We Do It Properly: Coast to Coast With Phoenix

Phoenix / Photographed by Jimmy Fontaine at Cienfuegos in New York City
Phoenix / Photographed by Jimmy Fontaine at Cienfuegos in New York City

With headlining spots at Coachella and Lollapalooza and an earnestly crafted new album, Phoenix is poised to ascend to pop music's top echelon. But how exactly does the band do what it does so well, and for whom? DAVID MARCHESE followed the four unflappable Frenchmen in search of some clues.

1. THE FOCUS: "I love this one."

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Two young women are studying Phoenix through a glass window. "Do I know any songs by them?" asks one, dressed in a faded Beatles Yellow Submarine T-shirt, her brown bangs wild, her black nail polish chipped. "Do they have hits?"

We're peering into the MetroPCS Lounge, a stale gray box located in the offices of Sacramento's alternative-rock radio station, KKDO 94.7. On this sunny, early April afternoon, the four skinny band members, glowing emissaries from the creative upper class, outfitted in boldly colored khakis, wrinkled collared shirts, and raffish haircuts, are seated on chairs in front of video cameras and contest winners, ready to activate.

"Oh my God, you definitely know this band," groans the other woman. She's business prim in a navy blue blazer, her dyed-blonde hair pulled back in a tight ponytail, her mind soggy with rum. "I went to the Sailor Jerry's thing last night," she continues, squeezing the bridge of her nose. "I got hella swag, though."

A burly cameraman with white muttonchops wearing cargo shorts and a baseball jersey adorned with the logo for German industrial misanthropes KMFDM gives a "Go!" signal, and guitarist-keyboardist Laurent "Branco" Brancowitz, his younger brother-guitarist Christian Mazzalai, bassist-keyboardist Deck d'Arcy, and sweetly boyish singer Thomas Mars, all of whom grew up together in the world-historically important, affluent, insanely boring Parisian suburb of Versailles, ease into a stripped-down version of their effervescently snide new song "Entertainment." It's the first single from the excellent new Bankrupt! (Glassnote), the band's fifth album and first since they became the kind of act broadly popular enough to headline Coachella and Lollapalooza, both of which they will have played before festival season is through.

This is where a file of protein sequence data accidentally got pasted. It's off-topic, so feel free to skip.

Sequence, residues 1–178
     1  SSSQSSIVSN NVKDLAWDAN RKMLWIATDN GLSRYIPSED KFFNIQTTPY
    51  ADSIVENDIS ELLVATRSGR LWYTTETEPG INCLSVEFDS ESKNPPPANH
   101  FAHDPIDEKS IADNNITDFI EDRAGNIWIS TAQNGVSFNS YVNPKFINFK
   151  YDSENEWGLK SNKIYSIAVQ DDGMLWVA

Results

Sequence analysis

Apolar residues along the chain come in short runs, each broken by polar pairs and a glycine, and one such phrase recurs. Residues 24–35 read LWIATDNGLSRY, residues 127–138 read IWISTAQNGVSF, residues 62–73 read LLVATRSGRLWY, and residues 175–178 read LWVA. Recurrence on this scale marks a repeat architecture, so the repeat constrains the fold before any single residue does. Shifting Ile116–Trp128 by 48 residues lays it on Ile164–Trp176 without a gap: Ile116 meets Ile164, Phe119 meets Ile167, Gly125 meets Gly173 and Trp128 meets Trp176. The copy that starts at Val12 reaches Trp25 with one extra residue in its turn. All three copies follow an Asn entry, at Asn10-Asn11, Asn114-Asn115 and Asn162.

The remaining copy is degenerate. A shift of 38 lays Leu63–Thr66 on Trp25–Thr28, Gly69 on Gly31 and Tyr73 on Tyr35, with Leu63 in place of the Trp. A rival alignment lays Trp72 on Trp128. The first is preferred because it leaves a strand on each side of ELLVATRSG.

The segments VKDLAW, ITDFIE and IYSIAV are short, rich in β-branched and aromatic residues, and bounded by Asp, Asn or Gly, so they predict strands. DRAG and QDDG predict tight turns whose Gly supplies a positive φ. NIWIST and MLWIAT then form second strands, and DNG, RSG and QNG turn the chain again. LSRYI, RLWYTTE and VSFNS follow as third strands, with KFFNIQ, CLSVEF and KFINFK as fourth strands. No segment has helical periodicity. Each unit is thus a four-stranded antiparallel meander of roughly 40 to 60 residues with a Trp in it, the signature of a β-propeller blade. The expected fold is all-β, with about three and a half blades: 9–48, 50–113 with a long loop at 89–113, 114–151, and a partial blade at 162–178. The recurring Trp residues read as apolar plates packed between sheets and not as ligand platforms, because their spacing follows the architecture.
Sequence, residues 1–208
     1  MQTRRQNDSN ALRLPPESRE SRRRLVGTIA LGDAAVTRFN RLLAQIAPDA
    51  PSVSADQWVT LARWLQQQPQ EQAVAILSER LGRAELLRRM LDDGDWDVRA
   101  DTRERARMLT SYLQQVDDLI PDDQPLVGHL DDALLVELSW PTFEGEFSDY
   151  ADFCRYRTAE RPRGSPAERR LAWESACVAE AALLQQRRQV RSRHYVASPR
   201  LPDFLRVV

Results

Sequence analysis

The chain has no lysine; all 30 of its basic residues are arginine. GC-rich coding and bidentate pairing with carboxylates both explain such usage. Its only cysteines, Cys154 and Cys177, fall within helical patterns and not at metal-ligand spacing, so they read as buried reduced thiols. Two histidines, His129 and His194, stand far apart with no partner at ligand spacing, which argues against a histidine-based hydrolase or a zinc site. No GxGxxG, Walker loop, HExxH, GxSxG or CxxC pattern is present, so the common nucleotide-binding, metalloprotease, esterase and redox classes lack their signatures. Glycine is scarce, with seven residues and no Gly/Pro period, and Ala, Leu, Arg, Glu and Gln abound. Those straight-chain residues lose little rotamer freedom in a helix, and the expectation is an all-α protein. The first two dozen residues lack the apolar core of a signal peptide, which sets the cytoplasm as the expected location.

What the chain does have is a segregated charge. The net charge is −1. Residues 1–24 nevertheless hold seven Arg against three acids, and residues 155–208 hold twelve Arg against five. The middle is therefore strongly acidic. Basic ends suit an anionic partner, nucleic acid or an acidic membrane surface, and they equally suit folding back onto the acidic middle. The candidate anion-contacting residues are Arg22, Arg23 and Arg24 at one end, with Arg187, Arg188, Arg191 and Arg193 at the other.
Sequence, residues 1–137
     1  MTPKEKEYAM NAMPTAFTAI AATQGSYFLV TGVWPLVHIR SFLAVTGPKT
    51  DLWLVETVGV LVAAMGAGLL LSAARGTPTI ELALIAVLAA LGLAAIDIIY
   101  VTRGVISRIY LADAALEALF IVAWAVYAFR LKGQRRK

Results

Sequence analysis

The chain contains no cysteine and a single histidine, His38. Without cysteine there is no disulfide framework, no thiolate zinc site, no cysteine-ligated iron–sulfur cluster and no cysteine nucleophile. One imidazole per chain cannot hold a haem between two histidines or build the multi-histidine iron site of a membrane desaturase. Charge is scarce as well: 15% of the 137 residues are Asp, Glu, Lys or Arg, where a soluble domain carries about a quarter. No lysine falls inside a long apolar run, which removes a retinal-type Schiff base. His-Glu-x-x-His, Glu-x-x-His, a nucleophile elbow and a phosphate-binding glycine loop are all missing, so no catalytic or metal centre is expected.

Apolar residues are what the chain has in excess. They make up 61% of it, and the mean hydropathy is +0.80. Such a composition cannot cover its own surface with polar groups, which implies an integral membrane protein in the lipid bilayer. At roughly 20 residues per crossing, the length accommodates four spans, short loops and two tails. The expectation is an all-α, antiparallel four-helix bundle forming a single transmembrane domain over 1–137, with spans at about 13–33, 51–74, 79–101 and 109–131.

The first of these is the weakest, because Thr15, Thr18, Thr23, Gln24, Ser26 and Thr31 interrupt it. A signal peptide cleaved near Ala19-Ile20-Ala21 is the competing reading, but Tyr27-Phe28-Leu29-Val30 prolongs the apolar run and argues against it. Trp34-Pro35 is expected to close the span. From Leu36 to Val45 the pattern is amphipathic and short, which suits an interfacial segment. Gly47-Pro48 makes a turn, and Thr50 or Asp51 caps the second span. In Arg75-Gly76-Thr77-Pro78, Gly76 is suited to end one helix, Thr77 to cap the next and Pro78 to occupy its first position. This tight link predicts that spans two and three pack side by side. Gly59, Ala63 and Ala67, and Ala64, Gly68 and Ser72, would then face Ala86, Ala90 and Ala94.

But there are still hearts and minds to reach.

"I don't know this song," says the Girl in the Beatles Shirt.

"It doesn't matter, they're adorable," says the swag collector.

Phoenix next plays a fizzy "1901," the biggest single from 2009's Wolfgang Amadeus Phoenix, which was the most effortlessly catchy, blithely cool (and lyrically inscrutable) rock album since the Strokes' Is This It was released 12 years ago. Wolfgang won a Grammy for Best Alternative Album and sold 710,000 copies, a total six times greater than the sales for the band's previous three albums combined. "1901" went to No. 1 on Billboard's Alternative Rock chart.

The Girl in the Beatles Shirt knows it. "I love this one," she coos.

When Phoenix is finished playing, they come out into the hall to pose for photos. They do this with what I learn is their customary easygoing élan, throwing their arms around strangers' shoulders and happily signing posters. Having smiled for the last snapshot, the four Frenchman, all between the ages of 36 and 39, grab their belongings — Mazzalai sharply declines multiple offers to help carry his guitars — and stroll to a waiting car which will take them the 22 miles to Freeborn Hall on the campus of UC Davis, where they're performing for 1,300 fans in just a few hours.

"That was awesome," says Beatles Shirt.

"I knew you'd like it," says her friend. "You like hipster things." The rebuttal is swift and revealing. "I do not!" she snaps. "I just like good coffee."